How to Care for Mandevilla Sanderi
Since its need for warmth is imperative but its lush, tropical look is irresistible, many gardeners across the United States grow mandevilla in pots either as annuals or as houseplants if they live in an area colder than USDA plant hardiness zones 10 to 11. In Southern tropical climates, the mandevilla is a perennial.
Mandevilla is a genus comprising about 100 species with multiple hybrids as well. Mandevilla sanderi, previously known as both Dipladenia sanderi and Mandevilla splendens, has similar care requirements, as do all mandevilla vines. Also known as Brazilian jasmine, these vines will grow up to 15 feet long but might reach just 5 feet if grown in containers.
Mandevilla Environmental Requirements
- Sunlight: Outdoors, plant mandevilla in an area in partial shade. If you are maintaining them as houseplants, they need bright, indirect sunlight, so avoid uncurtained windows with southern exposure. These vines grow fast and lush when provided with daytime temperatures that exceed 70°F and nighttime temperatures of about 60 to 65°F.
- Soil: They prefer rich, well-drained soil with some humus.
- Pinching and Support: After planting, pinch back young seedlings to encourage bushiness and be sure to provide a climbing support, like a trellis or at least a stake.
- Watering: Maintain an even moisture, never allowing the soil to dry out but avoiding soggy conditions. If your area experiences very dry summers, be sure to irrigate regularly.
- Fertilizer: At the beginning of the growing season in spring, start fertilizing every two weeks with a high-phosphorus mix—for instance, 10-20-10. This will encourage blooms. Stop fertilizing two weeks before you expect colder temperatures so the plant doesn't have new, tender growth as the weather cools.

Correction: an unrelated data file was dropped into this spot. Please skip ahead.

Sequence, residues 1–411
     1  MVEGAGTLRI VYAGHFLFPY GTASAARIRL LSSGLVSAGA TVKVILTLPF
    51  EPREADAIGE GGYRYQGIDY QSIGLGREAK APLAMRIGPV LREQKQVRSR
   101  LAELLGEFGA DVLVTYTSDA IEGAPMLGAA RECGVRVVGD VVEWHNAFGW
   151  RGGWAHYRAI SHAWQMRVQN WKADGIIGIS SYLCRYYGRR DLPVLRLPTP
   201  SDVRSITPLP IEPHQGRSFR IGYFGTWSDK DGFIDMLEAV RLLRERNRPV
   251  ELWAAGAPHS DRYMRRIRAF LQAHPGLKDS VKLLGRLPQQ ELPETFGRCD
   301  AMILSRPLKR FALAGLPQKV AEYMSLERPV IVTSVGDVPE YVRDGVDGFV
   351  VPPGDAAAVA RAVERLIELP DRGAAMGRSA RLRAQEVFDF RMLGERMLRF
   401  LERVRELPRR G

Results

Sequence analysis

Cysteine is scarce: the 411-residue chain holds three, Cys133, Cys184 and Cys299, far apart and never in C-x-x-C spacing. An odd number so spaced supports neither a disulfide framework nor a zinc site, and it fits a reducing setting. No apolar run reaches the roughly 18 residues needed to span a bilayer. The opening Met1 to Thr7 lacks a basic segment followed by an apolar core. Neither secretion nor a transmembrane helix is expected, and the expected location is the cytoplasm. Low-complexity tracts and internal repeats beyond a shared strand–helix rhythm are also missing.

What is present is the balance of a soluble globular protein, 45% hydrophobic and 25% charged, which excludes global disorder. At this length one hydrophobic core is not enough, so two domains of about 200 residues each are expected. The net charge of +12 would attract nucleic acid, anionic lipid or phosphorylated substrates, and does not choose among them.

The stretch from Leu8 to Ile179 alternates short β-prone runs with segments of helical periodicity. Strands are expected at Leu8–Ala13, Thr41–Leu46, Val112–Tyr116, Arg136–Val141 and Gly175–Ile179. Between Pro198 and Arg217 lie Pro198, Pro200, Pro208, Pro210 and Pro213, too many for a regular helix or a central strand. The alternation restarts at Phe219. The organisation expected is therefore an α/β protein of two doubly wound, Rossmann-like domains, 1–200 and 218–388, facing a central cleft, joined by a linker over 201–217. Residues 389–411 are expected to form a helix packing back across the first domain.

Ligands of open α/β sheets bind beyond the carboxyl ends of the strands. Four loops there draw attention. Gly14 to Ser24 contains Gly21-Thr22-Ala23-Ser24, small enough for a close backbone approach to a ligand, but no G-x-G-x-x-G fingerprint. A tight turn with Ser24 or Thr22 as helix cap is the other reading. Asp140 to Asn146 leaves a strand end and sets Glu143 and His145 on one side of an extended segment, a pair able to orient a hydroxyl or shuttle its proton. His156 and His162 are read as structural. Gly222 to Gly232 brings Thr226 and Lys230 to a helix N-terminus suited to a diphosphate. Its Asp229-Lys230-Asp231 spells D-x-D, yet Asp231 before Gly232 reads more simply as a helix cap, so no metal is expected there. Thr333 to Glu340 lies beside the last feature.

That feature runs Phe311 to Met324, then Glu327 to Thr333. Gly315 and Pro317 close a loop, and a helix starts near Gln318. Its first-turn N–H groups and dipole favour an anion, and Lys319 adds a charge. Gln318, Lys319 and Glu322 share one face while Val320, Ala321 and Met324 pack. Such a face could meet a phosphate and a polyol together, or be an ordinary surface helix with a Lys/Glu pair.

Mandevilla Pests and Diseases
Mandevilla is a hardy vine and is fairly resistant to problems, but it can be targeted by mealybugs, red spider mites, scales and whiteflies. Avoid using pesticides for these critters, as in most cases, the damage they inflict is minor. If you do have a serious infestation, treat your vine with horticultural oil, including neem oil.
The fungus anthracnose can infect the leaves, which might be evidenced by brownish spots on the leaves followed by a yellowing of the leaves, called chlorosis. Prevent this and other fungal diseases by avoiding overhead watering and cleaning up fallen or diseased leaves and discarding them in the trash.
Mealybugs, red spider mites, scales and whiteflies generally only inflict minor damage. So avoid using pesticides and consider using horticultural oil instead if the infestation is particularly bad.
Mandevilla must be brought indoors before nighttime temperatures dip below 45 or 50°F.
- Check for Pests: First, you want to make sure they are free of pests, as these will overwinter quite nicely along with the mandevilla. Inspect the leaves and their underside as well as the leaf axils. Look for both insects and eggs. You can usually remove them by hand by wiping the leaves with a damp paper towel, or you can spray any infestations with a strong blast from the hose.
- Prune Extra Growth: If the vine has a lot of growth, prune it to about 4 or 5 feet, as supporting a lot of foliage can tax the roots while the plant is inside. Place the pot in a sunny window or other lighted location, making sure that the temperature never falls below
- Slow Down Watering: Because they will have less light and colder temperatures than they experience during the summer months, slow down watering so the plant can be allowed to experience the natural rest period it needs after a full growing season.
- Prune Dead Stems and Clean Up the Plant: In early spring before the plant would start to put on new growth, prune old, dead stems and clean up the plant a little. You can even do a heavy pruning if you want to control the size of your plant. Mandevilla blooms on new growth, which develops at the plant's base.
I garden in the Pacific North west, previously Hawaii where I had an avocado orchard. I have a Master Gardeners certificate here in Eugene, Oregon.